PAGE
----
2012 – Take a different assignment outside your comfort zone if you want to grow.

2013 – Sometimes you have to go back to your roots to find your true path.

2014 – Being laser focused on one key goal while embracing a multitude of paths leads to unexpected results. It’s the end game that matters, not how you get there.

2015 – The evolution continues!

2016 –  Managing conferences is complicated work, and not unlike having children twice a year

2017 – Time to build on the strategic plan

The most powerful themes running consistently running through the past quarter-century are as follows:

  • trust
  • agility
  • credibility
  • innovation
  • strong culture
  • flexibility
  • compromise
  • approachability
  • judgment

Bonus lesson: Don’t be afraid to recycle good blog content or career experiences! They can lead to new things.

How can HR help in Houston?

How can HR help in Houston?

There are a lot of things you can do besides just donating $10 to the Red Cross via text.

See if your company has a matching program and make a donation.

The organization I work for made a donation to the American Red Cross to assist with the recovery in Houston.  You can do the same here.

Short on cash? You can use this link to find a local blood collection center where you can donate blood that is badly needed in Houston right now.

If you want to work with someone who is trying to provide hands on help in Houston, then check out this Amazon shopping list from Franny Oxford who is asking for help in purchasing essential items to help people get started with the cleanup.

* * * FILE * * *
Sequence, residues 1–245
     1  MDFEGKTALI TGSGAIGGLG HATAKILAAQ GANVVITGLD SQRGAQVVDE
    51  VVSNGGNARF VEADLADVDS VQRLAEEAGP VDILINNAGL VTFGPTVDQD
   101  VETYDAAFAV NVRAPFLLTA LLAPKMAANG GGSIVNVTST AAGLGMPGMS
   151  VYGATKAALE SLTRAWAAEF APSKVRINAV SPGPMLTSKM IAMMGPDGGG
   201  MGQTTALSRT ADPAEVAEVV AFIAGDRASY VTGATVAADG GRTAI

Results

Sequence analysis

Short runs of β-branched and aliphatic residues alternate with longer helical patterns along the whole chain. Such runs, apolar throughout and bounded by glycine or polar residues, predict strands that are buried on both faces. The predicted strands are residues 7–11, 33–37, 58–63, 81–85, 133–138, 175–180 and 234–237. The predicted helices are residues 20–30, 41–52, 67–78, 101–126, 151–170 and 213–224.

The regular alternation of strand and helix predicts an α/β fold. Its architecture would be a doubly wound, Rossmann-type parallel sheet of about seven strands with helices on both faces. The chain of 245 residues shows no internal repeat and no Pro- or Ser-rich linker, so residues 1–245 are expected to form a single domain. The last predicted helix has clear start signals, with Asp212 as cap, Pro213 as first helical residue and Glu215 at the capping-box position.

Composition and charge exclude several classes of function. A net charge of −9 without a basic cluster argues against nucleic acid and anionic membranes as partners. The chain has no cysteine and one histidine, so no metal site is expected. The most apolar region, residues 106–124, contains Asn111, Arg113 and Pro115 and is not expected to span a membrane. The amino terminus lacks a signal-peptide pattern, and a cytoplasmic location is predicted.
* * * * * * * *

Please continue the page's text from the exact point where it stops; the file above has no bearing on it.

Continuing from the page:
You can also donate to any to any of the following local Houston based charities, which are passed along by Franny:  a) Jewish Federation of Greater Houston b) American Red Cross Houston Texas c) Houston Food Bank d) Humane Society of Southeast Texas e) Habitat for Humanity

If you work for an employer  and want to think about helping out in Houston, Laurie Ruettimann wrote the playbook for that.

The Executive Summary on that:

  • Pay people for as long as you can.
  • Double down on remote work and transfers.
  • Think creatively about PTO.

It’s Time To Make A Change #shrm17

It’s Sunday, June 25th.  Today is the day that I made the decision to switch from being an avid Uber user to a hopeful Lyft user.  

The reason I made this decision today comes from conversations I had with other HR pros while serving as a member of the social media team for #SHRM17 in Las Vegas last week.   One of the great things about being part of this team is that you get to interact for several days with HR people who come from all over the world and bring their different perspectives with them.   And given that most bloggers have opinions, these HR people are willing to share their opinions, whether they are introverts or not.

One of the strong discussions I was a part of was Uber and whether or not it made sense to stop using them due to the issues with their culture and the looming sexual harassment cases that have still not been resolved.

Full disclosure:  I used Uber the entire time I was in New Orleans.   I like Uber as a service.  They are much better than cabs in most cities.  The drivers almost always have interesting stories to tell while we travel.  It’s a big part of my travel experience.   And it looks in the media that the Board of Directors was taking steps to try and create the culture.  Heads have rolled, including the CEO and many others.   That’s a step in the right direction, right?

And there are lots of opinions out there:

  • Travis isn’t totally responsible.
  • Travis built the culture and he had to go:
    • Timeline of how the mighty are fallen:
      • Feb. 19: Susan Fowler’s blog post

      • Feb. 20: Uber taps Eric Holder

      • Feb. 28: A senior executive leaves

      • March 1: Travis’s on-cam meltdown

      • March 24: The escort-bar incident comes to light

      • June 6: Uber fires 20 employees

      • June 7: Uber fires an exec for his role in a rape investigation

      • June 12: Travis’s No. 2 leaves

      • June 13: Eric Holder’s report is out

      • June 14: Travis takes an indefinite leave of absence

      • June 20: Uber’s “180 days of change” (including tipping for drivers, agreed to with a drivers guild)

        • June 21: Travis steps down

      • June 25:  I become a Lyft client (too late)